From: Krekoski Ross (firstname.lastname@example.org)
Date: Sat May 03 2008 - 18:32:50 MDT
On Thu, May 1, 2008 at 7:35 AM, Lee Corbin <email@example.com> wrote:
> That is, even if my neurons operate at c,
> then information in my brain that is more than a mere
> 30,000 km away would start to feel external.
This is essentially what I was getting at in the previous email: how do we
know that perception of time is not directly a consequence of the amount of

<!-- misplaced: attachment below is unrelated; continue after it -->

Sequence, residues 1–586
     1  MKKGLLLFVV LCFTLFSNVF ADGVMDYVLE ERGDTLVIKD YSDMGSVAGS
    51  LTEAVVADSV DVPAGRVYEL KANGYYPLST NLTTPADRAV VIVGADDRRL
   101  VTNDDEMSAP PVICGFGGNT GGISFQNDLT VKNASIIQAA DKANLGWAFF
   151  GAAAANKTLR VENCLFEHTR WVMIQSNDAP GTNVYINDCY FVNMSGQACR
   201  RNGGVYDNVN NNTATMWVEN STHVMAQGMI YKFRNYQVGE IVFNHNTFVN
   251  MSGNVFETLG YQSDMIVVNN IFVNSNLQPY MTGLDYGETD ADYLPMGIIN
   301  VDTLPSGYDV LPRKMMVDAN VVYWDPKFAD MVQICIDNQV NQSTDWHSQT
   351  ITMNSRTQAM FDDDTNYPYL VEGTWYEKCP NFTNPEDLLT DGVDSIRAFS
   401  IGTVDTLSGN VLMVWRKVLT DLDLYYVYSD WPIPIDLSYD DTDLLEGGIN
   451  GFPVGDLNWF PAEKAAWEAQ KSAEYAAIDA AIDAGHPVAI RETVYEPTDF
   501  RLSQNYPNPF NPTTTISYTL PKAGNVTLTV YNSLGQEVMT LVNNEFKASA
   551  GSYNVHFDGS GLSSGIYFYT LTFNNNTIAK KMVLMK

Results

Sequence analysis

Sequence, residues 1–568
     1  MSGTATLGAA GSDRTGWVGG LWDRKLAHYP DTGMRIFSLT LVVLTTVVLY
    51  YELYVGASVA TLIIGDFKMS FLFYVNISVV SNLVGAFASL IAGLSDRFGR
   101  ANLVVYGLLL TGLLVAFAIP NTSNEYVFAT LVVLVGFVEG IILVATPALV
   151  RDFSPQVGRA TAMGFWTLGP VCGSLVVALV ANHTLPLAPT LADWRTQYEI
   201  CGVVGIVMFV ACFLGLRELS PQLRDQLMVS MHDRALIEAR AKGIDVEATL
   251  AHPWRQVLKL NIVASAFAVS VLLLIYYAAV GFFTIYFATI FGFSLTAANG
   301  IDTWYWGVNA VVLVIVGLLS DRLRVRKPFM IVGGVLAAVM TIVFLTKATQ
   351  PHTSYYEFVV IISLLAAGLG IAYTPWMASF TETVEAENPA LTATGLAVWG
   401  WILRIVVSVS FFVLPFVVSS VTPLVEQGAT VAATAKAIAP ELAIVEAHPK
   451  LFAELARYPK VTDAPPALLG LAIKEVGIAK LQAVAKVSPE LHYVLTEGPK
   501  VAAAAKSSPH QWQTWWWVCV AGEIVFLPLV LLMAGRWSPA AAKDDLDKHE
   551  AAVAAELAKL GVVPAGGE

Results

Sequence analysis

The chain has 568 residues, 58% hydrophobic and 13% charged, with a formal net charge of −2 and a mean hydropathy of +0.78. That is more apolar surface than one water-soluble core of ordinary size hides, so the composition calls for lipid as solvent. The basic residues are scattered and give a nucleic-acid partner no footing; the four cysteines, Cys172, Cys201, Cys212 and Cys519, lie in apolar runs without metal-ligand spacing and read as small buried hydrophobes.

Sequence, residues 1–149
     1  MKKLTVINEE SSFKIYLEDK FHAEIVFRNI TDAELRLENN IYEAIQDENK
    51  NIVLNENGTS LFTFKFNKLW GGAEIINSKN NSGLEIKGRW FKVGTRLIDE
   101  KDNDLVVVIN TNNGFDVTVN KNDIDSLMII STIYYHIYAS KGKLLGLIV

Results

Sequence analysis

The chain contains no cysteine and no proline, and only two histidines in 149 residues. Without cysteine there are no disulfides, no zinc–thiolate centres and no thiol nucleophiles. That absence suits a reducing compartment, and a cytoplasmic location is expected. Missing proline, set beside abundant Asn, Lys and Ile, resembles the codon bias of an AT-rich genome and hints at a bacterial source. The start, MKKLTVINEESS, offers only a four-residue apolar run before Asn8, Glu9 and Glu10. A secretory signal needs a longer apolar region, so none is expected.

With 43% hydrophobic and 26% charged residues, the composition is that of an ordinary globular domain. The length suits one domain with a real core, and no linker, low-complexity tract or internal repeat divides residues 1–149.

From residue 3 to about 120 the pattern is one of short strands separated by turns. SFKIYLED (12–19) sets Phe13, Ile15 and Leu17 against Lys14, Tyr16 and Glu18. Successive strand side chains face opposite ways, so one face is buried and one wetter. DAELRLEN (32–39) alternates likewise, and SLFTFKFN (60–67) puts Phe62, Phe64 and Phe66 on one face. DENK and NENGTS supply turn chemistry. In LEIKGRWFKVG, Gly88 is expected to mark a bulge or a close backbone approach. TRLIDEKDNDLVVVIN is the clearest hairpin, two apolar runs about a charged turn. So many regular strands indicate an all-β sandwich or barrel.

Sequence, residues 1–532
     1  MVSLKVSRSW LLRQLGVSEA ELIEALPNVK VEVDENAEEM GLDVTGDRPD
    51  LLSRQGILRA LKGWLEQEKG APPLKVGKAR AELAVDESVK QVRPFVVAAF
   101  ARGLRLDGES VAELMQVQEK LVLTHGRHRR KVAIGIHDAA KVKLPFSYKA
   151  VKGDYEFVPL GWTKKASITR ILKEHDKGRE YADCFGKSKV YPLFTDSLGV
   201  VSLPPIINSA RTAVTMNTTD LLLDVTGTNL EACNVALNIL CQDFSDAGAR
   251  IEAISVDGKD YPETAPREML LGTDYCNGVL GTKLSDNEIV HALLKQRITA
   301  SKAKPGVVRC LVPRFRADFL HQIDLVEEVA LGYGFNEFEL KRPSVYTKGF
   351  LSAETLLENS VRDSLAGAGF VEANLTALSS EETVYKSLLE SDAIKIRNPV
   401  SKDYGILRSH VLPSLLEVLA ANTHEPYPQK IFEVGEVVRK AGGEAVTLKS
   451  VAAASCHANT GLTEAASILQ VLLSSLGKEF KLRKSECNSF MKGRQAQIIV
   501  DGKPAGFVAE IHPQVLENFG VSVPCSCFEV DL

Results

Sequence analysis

time it takes for a signal to propagate across our cognitive apparatus? Or
related to the frequency or 'refresh rate', so to speak, of neural signals?
When I said 'slowed down' I meant literally slowed down. To a brain larger
than 30,000km operating at c, the subjective experience may be the same, the
external world may simply seem to be moving faster than we subjectively
perceive it to be: if it observed us, whats to say that to it we wouldnt
just be zipping around at faster speeds. Its as reasonable a speculation as
saying that things outside of 30,000km feel external.
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